Our conclusions necessitate a reversal. In light of this fact, we deem it advisable to express an opinion respecting the law of the case on some of the issues that may arise in a new trial.

[12] Allstate contends it had the right to determine whether a damaged automobile may be repaired and that its determination in the premises was conclusive. Under the policy, Allstate was liable for the value of the automobile at the time of the accident "not to exceed what it would then cost to repair or replace the automobile ... with other of like kind and quality." The type and extent of repair contemplated by this provision were such as would place the automobile in substantially the same condition it was before the accident. The intent of the parties to this effect was indicated by that part of the provision referring to the cost to "replace the automobile ... with other of like kind and quality, less depreciation." Allstate was authorized to pay for the loss in money or to repair or replace the automobile. It chose to repair and by judgment was required to pay its share of the cost of the repair. However, the fact Allstate chose to repair rather than pay the cost of repair did not alter the requirement that the repair must place the automobile substantially in the condition it was before the accident. If the damage was such the automobile could not be restored to this condition Allstate was required to pay the actual cash value thereof at the time of loss. Whether the automobile could be restored as required, absent agreement of the parties, was a question for judicial determination.

[13] Allstate also contends it had a right to require Pyeatts to execute a release of all claims before delivery of the repaired automobile to them; its instruction to Owens not to release the repaired automobile until execution of such a [248 Cal. App. 2d 850] release was an exercise of this right; and its action in the premises did not constitute a breach of its agreement to repair the damaged automobile within a reasonable time. This contention is premised upon a provision in the policy that, "The named insured shall file with Allstate his sworn proof of loss in such form and including such information as reasonably may be required. ..." The proof of loss required by Allstate contained the equivalent of a release in the following language: "The insured hereby acknowledges repair or replacement of the loss and damage to the insured's entire satisfaction and agrees that the payment" of a designated sum, being the cost of repair less the $100 deductible item, to the garageman making the repairs, "shall constitute a full performance of the obligation of the insurer under its said policy." The practice of Allstate in requiring a release in the form aforesaid before delivery to the insured of an automobile repaired by it is not authorized by the proof of loss provision in the policy. Allstate's obligation to repair the automobile, assuming such to be repairable and Allstate's option to repair, included an obligation to effect the repair within a reasonable time, and thereupon to deliver the repaired automobile to the insured upon payment by the latter of the $100 deductible portion of the cost of repair. Whether, in the case at bench, there was a failure to repair and deliver the automobile within a reasonable time was a question of fact. Allstate was not authorized to require execution of an unconditional release as a condition to delivery. On the other hand, Pyeatts were not entitled to delivery if they refused to pay the $100 deductible item. Each party was obliged to act in good faith; to deal fairly with the other; and do everything the contract of insurance presupposed would be done to accomplish its purpose. (Bewick v. Mecham, 26 Cal. 2d 92, 99 [156 P.2d 757, 157 A.L.R. 1277]; Universal Sales Corp. v. California etc. Mfg. Co., 20 Cal. 2d 751, 771 [128 P.2d 665].)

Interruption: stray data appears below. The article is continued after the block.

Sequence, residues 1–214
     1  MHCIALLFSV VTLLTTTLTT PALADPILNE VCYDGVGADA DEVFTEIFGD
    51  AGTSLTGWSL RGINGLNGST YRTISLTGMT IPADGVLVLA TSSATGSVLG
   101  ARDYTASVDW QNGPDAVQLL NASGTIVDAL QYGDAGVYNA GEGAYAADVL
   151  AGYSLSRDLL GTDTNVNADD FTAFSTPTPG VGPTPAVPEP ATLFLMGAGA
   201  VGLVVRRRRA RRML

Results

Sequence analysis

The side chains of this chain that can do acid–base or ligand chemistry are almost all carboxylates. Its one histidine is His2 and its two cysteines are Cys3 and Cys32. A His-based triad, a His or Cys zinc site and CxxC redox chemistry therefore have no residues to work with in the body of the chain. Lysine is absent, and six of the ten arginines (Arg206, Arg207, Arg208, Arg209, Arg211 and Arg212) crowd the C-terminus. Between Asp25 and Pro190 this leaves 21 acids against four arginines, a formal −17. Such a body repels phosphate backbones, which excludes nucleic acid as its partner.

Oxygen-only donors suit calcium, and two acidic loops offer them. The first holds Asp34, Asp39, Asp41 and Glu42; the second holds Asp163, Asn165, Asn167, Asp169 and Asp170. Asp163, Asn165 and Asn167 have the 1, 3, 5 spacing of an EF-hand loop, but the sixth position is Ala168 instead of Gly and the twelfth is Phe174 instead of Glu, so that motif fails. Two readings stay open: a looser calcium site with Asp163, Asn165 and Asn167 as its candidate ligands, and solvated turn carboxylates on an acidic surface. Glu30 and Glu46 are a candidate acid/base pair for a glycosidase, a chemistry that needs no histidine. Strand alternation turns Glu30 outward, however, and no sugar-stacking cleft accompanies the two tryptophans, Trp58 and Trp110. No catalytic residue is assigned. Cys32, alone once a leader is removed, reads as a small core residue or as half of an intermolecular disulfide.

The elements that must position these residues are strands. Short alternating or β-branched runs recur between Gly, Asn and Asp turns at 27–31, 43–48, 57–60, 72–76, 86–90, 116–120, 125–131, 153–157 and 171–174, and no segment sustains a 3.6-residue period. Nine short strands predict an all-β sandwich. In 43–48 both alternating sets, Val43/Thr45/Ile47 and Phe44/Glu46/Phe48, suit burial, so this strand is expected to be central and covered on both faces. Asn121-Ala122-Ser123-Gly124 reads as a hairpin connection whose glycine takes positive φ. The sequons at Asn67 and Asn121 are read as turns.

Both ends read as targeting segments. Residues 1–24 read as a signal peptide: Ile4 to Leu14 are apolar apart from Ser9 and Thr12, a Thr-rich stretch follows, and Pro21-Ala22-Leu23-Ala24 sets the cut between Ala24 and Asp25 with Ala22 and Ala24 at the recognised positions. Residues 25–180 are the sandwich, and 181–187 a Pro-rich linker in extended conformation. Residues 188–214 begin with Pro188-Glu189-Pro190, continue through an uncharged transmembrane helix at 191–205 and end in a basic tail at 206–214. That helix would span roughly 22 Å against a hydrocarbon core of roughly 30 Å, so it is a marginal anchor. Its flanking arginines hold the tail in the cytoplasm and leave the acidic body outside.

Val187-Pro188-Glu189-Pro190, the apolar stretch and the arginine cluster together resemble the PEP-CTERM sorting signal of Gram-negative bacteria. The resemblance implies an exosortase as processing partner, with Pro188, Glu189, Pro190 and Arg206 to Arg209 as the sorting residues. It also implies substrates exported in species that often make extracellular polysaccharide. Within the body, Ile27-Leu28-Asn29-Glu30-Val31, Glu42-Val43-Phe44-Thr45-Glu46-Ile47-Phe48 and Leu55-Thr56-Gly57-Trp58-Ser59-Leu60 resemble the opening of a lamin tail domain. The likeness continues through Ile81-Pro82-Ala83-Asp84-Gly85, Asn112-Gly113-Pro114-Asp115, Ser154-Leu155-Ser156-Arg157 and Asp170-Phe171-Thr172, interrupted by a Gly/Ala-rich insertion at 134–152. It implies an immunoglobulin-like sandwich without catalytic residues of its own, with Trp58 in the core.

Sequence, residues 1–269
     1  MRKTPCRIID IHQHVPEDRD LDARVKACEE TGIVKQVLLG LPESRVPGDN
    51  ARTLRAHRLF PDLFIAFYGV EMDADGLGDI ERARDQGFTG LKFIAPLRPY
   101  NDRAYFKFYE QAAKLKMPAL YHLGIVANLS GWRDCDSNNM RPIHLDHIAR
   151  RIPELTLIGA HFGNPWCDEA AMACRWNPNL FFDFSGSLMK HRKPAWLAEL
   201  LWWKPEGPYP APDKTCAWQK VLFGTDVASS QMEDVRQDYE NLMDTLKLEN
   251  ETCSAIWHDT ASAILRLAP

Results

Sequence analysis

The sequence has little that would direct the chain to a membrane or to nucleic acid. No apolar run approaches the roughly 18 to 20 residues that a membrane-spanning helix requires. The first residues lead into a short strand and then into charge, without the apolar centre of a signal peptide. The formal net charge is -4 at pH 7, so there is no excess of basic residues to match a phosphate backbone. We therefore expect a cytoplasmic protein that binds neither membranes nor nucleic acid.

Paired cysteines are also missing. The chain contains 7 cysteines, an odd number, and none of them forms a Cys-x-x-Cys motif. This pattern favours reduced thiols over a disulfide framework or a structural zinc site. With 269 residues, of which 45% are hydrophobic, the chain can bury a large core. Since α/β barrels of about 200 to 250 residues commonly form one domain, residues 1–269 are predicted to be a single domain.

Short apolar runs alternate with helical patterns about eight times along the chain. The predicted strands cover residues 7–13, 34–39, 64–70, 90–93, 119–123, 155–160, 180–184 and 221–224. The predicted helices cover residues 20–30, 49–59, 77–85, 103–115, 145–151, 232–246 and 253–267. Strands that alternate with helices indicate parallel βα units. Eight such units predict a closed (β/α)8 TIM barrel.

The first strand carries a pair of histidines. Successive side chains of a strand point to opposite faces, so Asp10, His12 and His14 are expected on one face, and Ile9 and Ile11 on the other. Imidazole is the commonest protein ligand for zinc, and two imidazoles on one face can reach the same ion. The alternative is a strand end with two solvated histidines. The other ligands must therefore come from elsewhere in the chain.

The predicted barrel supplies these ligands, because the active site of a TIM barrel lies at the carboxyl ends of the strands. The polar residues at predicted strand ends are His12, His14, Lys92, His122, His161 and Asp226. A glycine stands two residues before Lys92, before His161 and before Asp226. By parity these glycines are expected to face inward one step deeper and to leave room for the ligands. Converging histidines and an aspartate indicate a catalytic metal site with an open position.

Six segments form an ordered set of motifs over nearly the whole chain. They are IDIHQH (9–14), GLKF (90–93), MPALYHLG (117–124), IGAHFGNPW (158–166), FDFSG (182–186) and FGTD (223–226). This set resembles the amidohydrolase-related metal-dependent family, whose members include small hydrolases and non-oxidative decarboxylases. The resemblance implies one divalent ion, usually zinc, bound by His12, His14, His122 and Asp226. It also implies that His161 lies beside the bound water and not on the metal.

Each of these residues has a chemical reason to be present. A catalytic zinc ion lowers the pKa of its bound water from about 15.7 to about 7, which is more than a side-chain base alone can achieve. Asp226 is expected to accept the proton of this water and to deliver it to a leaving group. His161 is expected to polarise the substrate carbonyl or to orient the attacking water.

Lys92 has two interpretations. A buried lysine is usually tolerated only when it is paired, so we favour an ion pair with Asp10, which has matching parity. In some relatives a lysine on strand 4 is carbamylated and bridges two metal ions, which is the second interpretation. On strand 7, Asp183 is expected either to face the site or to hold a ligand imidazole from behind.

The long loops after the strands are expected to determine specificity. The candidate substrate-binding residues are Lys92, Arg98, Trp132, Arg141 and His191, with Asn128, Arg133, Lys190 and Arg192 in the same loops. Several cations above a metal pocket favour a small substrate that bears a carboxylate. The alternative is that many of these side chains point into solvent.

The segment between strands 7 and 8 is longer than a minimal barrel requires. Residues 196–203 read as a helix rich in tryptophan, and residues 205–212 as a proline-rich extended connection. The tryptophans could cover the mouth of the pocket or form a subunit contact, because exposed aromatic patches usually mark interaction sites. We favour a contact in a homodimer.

The judgment in favor of Owens against Allstate is affirmed; the judgments in favor of Owens against Pyeatts and in favor of Pyeatts against Allstate are reversed. Pyeatts will recover costs on appeal.

Brown (Gerald), P. J., and Whelan, J., concurred.